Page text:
1. The New World Order
24 Jul 2011
(United States) The story of the New World Order can be traced to the end of World War II in the months before Germany fell. It was at this time that Hitler was informed of Project Wolfsschanze by General Hans Kammler and Lieutenant Colonel Otto Skorzeny of the Waffen-SS. The project named for Hitler’s mountain retreat had been kept a secret from Hitler because its purpose had been considered unthinkable by the Fuehrer. Project Wolfsschanze was a black budget style program to insure the survival of Third-Reich even if Germany were conquered.
In February 2007, Montserrat Rico Góngora published “The Desecrated Abbey”, in which he claimed that Heinrich Himmler, Hitler’s second-in-command and head of the Nazi SS, had made a secret wartime mission to an abbey in Spain, in search of the Holy Grail. Góngora even interviewed Andreu Ripol Noble, a former monk and the only person that spoke German, who was ordered by his superiors to guide Himmler during the visit in 1940. Ripol related that Himmler came to Montserrat inspired by Richard Wagner’s opera “Parsifal”, which mentions that the Holy Grail could be kept in “the marvellous castle of Montsalvat in the Pyrenees” – the mountain range that marks the border between France and Spain.
In Geography Strabo (64 B.C-23 A.D.) tells of a massive 300 tons of gold and silver bullion that was recovered by the Romans from the Celtic temples at Narbonne. This is near the mouth of the Aude river on the French Mediterranean coast. A further eighty kilometres up the Aude is Rennes-le-Chateau. Strabo attributes the bullion as either an accumulation of Celtic sacred offerings, or else the Celts' loot from the Greek treasuries at Delphi, sacked in 278 B.C. The Romans somehow lost the bullion near Narbonne during Caesar's Gallic Wars and it was never recovered.
The gold was taken from a votive lake by a Roman proconsul by the name of Cæpion. He took 80 tons of gold and money and immediately re-melted this into ingots. This apparently disappeared during its transport towards the port of Narbonne following an attack from Volkes tectosages upset by this profanation of their sacred offerings. They would have then withdrawn to the high valley of the Aude and would have hidden the treasure in this area which is easy to police.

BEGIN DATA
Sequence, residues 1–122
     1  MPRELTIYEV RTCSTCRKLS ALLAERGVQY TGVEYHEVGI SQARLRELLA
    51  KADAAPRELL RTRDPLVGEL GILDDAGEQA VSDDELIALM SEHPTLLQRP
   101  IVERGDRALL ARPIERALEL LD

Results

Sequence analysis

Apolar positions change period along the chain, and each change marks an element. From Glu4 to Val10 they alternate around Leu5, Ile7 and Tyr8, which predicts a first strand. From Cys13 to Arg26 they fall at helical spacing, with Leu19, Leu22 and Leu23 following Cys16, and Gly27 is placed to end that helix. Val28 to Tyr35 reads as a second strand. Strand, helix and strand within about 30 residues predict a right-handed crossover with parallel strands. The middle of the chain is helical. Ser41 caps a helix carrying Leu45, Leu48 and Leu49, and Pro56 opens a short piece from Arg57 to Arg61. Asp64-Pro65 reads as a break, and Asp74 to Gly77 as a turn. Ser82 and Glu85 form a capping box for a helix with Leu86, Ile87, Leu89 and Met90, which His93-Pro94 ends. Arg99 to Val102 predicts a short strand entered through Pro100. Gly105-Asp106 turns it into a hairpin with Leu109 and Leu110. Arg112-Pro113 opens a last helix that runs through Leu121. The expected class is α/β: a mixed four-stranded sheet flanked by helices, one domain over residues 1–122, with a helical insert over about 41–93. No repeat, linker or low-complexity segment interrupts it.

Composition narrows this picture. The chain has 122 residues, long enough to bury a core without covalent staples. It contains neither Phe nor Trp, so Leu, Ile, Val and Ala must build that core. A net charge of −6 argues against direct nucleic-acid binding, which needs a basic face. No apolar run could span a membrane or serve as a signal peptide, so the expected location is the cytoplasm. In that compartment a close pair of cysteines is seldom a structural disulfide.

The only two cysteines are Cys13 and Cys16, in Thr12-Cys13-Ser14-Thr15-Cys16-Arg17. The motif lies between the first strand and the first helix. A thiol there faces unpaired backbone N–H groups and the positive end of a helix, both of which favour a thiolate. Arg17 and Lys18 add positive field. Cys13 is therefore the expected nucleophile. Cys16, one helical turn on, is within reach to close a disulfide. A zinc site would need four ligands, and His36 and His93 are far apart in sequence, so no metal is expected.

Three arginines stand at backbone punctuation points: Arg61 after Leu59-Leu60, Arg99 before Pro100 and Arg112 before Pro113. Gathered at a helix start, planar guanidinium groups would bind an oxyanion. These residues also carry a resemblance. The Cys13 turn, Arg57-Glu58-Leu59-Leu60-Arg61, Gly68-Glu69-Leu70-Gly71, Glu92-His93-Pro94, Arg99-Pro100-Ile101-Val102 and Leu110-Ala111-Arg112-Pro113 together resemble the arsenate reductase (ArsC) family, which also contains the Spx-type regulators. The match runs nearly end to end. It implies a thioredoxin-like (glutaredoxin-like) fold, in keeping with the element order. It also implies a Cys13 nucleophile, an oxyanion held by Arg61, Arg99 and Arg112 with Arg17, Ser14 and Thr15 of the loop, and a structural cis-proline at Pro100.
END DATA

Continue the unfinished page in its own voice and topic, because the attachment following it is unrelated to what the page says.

18 Feb 1904 Otto Rahn born, Michelstadt. Parents Karl & Clara (nee Hamburger)
1910-1916 Junior school at Bigen
1916-21 Secondary school at GrieBen
1922 obtains Baccalaureat
1924 obtains Bachelor in Philology and History
1930 Rahn begins his European travels (Paris, Provence, Switzerland,
1931 Rahn visits French Pyrenees. Visits "Spion" in Pyrenees with Himmler and Abetz
1932 Rahn leads a Polaires expedition in Pyrenees
13.12.33 Rahn joins the German Writers Association
1934 publishes "Kreuzzug gegen Gral" (Crusade against the Grail)
1935 appointed to personal staff of Heinrich Himmler
29.2.36 Rahn joins Allgemeine-SS, member 276 208
1936 Rahn visits Iceland with 20 men
1937 publishes "Luzifers Hofgesind. Eine Reise zu denguten Gelstern Europa" (Lucifer's Court in Europe; Rahn sent back to Languedoc (Montsegur), says he will return in 1939. Time of alleged Corbieres visit?
20.4.37 promoted to sub-lieutenant (Untersturmfuhrer)
Sep-Dec1937 military service for "disciplinary reasons" at Oberbayern Regiment, Dachau
The founders of the Third Reich were esoterically involved with matters which unavoidably skirt the mysteries associated with the valley of Rennes-le-Chateau. Their interests were not however, confined to the ephemeral, there is evidence of the tenacity with which they pursued the material associations of the valley. Many assorted books on Rennes-le-Chateau mention that a battalion of German mining engineers made excavations in the area during World War Two.
Taken as a whole, the various renditions of the Holy Grail legend, whether they derive from Europe or Asia, imply that there are many forms that the Holy Grail can take.
These legends assert that the Holy Grail can be anything from the platter mentioned by Chrétien de Troyes, the first author of the Holy Grail legend, to the Cup of Christ alluded to by Robert de Boron, or even the Stone of Heaven mentioned by Wolfram von Eschenbach in Parzival.